And ultimately you decided to leave his care?

That didn’t happen till at least a year later. When I started exercising I gave myself a year. Having been so out-of-shape, and so drug-addicted, I figured it would take me at least a year to get my body where it needed to be, and it didn’t really take as long. I still remember – I think it was the Summer of ’91 or ’92 – I was an outpatient, and I was in his office, and I said, look, this uncle I told you had abused me wasn’t even in the United States at that time. That couldn’t have happened. To this day, Doug, he still has not responded. He totally ignored me. And I recalled thinking, Oh my God, he doesn’t believe what I can prove to be true! Why? Why is it that he can remember all these new memories, but something I am telling him absolutely is true, he doesn’t believe me? That’s when I think things turned for me, when I started thinking there was something real wrong here.

Do you have your own idea as to why he cannot accept that?

It didn’t fit in with his theory.

Did you ever recover any memories that were of any value at all?


I mean, I even have – I’m so happy that I have all of these medical records, personal journals, so that I can reconstruct what really happened. It’s not just my recall. For example, when my family and I started to get back together, I would start visiting, I saw them during my father’s birthday, and we had fun. Then I came back to the hospital, told the nurses about it, and in his notes he would say, is amnesiac about father’s birthday.

And that is in my book. That’s how I present the story in the book, in narrative form, my recollections. I started writing this way back in the mid-nineties when I first got out of therapy, so things were still fresh in my mind. I use the excerpts [from my journals] to show, this is what was going in on my life, and this is what was being written about me [in the doctor’s records]. [The doctor] had no regard for reality. Even if one of the nurses would disagree with him, or say that there was no evidence of dissociation, he would assert just the opposite on the very same day.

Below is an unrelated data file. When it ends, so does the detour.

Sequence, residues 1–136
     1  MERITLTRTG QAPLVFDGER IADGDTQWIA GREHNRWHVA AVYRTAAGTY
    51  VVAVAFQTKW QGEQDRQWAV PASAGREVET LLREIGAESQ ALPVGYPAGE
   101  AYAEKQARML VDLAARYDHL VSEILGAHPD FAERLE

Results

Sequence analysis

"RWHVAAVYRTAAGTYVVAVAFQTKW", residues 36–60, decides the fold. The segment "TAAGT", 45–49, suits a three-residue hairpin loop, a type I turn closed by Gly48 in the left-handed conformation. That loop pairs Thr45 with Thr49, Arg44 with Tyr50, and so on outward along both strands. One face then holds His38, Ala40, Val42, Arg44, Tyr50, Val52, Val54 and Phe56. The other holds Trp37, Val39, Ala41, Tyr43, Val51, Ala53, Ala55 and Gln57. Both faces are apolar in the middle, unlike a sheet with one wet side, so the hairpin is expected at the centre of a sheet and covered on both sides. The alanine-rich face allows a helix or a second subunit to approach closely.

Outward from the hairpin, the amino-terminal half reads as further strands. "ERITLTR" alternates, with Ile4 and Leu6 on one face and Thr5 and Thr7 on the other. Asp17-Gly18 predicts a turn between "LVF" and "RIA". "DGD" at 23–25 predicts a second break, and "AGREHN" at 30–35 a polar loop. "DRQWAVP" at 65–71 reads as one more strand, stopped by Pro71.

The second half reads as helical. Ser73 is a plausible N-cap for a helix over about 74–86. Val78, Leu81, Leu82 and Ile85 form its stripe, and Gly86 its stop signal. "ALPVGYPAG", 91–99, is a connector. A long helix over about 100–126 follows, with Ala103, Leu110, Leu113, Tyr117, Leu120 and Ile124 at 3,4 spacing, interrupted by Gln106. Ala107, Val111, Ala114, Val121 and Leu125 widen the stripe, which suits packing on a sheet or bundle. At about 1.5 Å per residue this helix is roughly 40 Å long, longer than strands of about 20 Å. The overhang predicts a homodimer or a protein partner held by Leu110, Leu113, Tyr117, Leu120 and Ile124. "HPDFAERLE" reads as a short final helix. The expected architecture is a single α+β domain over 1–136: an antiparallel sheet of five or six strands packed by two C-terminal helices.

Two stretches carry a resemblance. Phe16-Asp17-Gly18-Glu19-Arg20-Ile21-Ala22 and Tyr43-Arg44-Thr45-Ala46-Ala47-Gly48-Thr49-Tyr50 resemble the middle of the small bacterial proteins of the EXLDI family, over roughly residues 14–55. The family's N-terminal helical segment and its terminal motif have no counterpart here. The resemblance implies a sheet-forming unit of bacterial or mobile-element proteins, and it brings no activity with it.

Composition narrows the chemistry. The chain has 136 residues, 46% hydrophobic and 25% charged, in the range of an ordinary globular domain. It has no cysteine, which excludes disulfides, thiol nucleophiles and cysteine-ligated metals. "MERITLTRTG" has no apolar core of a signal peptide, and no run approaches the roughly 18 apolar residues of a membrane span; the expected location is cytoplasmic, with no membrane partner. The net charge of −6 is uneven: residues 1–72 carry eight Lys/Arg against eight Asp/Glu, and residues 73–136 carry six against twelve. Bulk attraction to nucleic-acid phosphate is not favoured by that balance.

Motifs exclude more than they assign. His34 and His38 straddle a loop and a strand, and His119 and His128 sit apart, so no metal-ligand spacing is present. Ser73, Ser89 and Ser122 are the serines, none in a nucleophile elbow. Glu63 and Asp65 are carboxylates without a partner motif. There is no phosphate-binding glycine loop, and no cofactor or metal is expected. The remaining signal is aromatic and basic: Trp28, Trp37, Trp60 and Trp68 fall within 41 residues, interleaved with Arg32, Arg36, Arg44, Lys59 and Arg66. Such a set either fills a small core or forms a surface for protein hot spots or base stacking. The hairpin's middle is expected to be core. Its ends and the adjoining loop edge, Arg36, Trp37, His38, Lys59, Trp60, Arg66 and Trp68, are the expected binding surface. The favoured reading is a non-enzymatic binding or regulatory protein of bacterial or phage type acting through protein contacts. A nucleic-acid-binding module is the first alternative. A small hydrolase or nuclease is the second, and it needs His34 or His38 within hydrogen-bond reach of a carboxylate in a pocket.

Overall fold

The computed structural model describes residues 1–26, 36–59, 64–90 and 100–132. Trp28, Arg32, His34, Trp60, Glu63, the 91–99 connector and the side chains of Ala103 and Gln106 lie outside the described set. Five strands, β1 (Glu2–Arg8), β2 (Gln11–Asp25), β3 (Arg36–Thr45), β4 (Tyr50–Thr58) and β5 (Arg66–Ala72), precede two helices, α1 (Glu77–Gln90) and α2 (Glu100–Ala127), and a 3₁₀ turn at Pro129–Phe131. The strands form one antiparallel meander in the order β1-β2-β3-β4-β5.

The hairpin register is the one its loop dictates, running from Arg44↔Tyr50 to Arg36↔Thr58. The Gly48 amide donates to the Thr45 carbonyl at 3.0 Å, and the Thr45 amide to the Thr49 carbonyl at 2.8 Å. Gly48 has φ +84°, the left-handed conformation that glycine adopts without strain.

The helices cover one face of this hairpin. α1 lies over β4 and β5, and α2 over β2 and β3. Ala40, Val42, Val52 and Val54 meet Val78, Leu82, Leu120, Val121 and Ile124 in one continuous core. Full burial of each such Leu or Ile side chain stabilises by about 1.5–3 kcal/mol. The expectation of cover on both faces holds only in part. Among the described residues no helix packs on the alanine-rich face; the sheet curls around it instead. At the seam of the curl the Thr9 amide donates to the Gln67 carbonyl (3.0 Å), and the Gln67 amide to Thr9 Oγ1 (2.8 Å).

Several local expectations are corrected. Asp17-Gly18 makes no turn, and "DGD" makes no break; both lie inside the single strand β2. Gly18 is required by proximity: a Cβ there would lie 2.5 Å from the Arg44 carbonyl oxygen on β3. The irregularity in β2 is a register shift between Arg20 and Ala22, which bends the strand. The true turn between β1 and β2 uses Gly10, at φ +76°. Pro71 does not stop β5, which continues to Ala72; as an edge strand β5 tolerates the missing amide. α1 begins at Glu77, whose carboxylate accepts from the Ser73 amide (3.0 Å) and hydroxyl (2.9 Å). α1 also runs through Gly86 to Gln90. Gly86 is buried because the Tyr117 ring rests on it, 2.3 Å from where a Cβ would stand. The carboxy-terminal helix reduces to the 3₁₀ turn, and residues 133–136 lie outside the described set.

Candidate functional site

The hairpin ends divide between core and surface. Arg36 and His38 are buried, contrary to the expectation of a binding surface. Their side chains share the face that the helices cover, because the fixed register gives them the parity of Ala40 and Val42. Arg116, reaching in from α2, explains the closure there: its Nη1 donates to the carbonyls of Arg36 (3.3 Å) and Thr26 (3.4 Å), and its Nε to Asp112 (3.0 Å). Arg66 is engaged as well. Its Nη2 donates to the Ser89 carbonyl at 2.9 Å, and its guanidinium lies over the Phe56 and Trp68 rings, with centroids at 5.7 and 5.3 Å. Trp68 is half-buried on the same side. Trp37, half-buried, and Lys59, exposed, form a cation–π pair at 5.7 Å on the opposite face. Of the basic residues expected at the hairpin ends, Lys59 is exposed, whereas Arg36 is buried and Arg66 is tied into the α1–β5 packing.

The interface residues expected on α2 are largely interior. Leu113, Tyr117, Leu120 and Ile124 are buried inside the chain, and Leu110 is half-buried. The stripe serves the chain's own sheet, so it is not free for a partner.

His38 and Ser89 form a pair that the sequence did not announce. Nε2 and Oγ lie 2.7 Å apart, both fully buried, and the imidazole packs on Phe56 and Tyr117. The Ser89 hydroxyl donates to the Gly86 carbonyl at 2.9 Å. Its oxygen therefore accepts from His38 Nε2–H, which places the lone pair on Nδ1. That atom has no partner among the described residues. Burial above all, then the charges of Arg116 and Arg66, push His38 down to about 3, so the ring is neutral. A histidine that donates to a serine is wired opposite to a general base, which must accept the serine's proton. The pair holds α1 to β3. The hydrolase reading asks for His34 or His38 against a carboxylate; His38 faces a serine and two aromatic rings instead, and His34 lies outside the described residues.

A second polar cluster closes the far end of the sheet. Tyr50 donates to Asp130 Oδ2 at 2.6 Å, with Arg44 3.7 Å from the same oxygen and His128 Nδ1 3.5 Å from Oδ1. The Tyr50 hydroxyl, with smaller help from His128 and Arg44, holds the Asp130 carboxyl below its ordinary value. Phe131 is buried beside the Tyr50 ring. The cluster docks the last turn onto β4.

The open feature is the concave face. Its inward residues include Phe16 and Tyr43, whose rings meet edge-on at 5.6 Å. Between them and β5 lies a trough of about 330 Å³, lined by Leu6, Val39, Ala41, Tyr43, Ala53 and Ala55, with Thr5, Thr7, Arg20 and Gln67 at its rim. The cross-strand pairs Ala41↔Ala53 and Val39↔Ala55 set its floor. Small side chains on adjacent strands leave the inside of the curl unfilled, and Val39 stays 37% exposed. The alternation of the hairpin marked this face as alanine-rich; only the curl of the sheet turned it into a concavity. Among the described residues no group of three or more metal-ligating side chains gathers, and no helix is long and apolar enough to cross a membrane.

When will we be able to buy a copy of your book?

When a publisher decides to publish it. I put it back on the market. I would say that for a good 10 years it was politically incorrect. I got some of the best rejection letters saying, good story, great writing, can’t publish it. I used them for inspiration.

Way back when I was trying to find [legal] representation [to bring a claim against the doctor], members of the feminist movement were saying, you’re trying to silence our voices, we’ve been abused. That was not what was happening at all, but it wasn’t understood at the time. I think now people in the general public are considerably more educated. And with the increase in the popularity in memoirs, now may be the time.

You had trouble finding legal representation?

That’s in the book as well: that whole struggle, and how I would go from law firm to law firm and it seemed like the more money they had, the more reluctant they were to get involved. It was still very controversial at that time. If they said, well, there may be evidence that you have this [MPD], I would stand up, demand my records back, and move on to the next person.